Double jeopardy was a mainstay of our legal system for over 800 years because it forced the police to do their jobs properly when prosecuting because if they didn't get it right the defendant no matter how guilty walked free. I realise the first prosecution was a civil one brought by the family, but the defendants walked free after the case was kicked out. There then began an expensive attempt (including removing an 800 year safeguard) in order to placate the race industry by hook or by crook getting these men into prison. I suspect if they'd failed this time there would be another and another attempt. What was done here was wrong, not because the people were guilty and needed punishment, not because it gives the Lawrence family closure, but because once it's been done it can be used again and again to prosecute people the state finds inconvenient. That this current lot haven't or wont is immaterial, a precedent has been set, trials can go ahead now or in the future again and again until a sympathetic jury is found.
This wasn't justice, this was a show trial and it has allowed a breach of natural justice and one of our civil liberties as free born Englishmen to be set aside.
Yesterday was a dark day for our future freedom.

JuliaM said...

QM, 'anon' has posted this exact same boilerplate stuff at Anna Raccoon's blog, at Bucko's, and probably others I haven't read yet.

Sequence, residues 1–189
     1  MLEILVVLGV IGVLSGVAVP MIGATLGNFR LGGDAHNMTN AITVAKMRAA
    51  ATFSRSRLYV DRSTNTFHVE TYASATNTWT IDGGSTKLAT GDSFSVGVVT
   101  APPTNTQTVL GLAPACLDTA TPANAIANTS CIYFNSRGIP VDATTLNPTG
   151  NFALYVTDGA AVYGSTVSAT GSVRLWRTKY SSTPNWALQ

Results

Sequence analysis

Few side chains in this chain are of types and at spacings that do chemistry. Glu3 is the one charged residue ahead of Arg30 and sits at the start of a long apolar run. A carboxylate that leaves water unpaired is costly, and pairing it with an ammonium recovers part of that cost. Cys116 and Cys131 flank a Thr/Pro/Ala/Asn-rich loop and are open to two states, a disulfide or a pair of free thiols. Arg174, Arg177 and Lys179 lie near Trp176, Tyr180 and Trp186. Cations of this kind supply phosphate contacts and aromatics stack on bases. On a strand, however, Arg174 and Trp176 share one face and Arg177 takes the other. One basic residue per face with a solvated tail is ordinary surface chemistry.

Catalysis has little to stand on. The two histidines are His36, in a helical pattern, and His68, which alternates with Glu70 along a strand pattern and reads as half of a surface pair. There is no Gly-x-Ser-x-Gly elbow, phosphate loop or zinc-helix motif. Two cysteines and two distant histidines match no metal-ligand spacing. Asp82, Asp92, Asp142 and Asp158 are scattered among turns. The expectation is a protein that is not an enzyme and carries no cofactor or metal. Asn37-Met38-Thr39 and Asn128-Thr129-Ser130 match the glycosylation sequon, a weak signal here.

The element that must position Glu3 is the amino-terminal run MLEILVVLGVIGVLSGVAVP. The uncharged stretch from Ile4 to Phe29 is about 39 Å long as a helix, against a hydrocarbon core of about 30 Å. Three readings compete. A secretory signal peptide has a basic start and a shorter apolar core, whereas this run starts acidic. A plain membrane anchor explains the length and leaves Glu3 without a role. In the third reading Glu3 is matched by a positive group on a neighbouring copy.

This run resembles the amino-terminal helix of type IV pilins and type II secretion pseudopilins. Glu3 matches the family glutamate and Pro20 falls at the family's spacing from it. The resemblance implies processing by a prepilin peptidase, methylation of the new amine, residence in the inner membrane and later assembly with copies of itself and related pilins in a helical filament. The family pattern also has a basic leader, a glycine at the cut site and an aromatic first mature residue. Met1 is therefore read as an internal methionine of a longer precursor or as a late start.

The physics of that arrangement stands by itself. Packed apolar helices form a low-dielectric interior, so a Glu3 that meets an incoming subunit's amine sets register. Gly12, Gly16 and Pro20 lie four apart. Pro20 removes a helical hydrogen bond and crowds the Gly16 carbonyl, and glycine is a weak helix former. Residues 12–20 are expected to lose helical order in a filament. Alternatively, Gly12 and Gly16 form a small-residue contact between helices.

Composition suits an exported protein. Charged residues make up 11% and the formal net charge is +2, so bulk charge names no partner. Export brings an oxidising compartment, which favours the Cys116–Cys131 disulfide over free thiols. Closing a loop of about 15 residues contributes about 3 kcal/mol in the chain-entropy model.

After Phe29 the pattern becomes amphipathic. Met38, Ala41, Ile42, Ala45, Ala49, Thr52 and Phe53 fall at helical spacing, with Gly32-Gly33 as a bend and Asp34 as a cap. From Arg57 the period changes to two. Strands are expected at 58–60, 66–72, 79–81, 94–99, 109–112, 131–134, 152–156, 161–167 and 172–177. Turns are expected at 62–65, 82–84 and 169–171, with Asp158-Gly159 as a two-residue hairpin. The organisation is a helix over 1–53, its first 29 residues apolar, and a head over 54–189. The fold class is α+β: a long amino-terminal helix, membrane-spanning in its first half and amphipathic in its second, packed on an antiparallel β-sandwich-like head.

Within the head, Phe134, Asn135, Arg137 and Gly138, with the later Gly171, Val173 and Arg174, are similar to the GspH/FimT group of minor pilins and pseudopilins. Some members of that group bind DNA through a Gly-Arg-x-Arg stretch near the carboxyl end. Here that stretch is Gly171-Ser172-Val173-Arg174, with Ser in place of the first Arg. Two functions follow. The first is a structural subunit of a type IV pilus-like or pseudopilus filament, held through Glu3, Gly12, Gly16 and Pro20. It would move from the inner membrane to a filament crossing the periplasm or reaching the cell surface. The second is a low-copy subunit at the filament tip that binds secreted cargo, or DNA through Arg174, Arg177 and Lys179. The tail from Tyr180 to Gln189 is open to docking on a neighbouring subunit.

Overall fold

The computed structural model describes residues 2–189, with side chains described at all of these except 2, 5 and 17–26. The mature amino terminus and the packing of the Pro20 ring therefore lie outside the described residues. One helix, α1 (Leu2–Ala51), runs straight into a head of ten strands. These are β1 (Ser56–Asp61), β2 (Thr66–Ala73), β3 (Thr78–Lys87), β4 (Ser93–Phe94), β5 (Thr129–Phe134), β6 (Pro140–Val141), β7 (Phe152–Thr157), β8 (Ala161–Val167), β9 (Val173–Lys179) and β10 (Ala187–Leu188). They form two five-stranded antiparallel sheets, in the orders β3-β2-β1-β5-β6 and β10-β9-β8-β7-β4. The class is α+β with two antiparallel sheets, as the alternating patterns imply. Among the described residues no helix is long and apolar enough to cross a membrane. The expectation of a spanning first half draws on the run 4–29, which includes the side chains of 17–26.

He/she's probably going to cut & paste it to every blog that mentions the case.

Quiet_Man said...

Thank you Julia, I've now done my round of the blogs and found this all over the place. A sort of end justifies the means copy and paste. Whilst it bothers me that guilty people can go free, it bothers me a lot more that the state has taken upon itself the power to re-try anyone who does go free under circumstances which it does not like.
A very dangerous precedent was set yesterday.

Woman on a Raft said...

I realise the first prosecution was a civil one brought by the family,

History note: it was a private criminal prosecution, not a civil one. The Crown reserves the right to take these over and discontinue them. They are used in legal manoeuvering because they automatically generate a lot of press interest and are a way of bringing pressure to bear on the state prosecutor.

Historically, all criminal prosecutions were private - they are just another kind of petition to the court for redress.

There was a scandal after the Napoleonic Wars where complainants realized they could issue these cheaply and did so as a method of getting paid to drop the complaint. It was extortion via the legal system.

The state eventually responded by taking over criminal prosecutions so that the police would decide whether to bring a case. (This explains why rape complainants are witnesses, not prosecutors).

This led to a problem whereby many cases turned on whether the police had not merely collected but manufacured evidence, so it was relatively recently the CPS was created to handle criminal prosecution distinct from investigation.

Recently there has been an expansion of prosecuting bodies. There are problems which ever way you do it.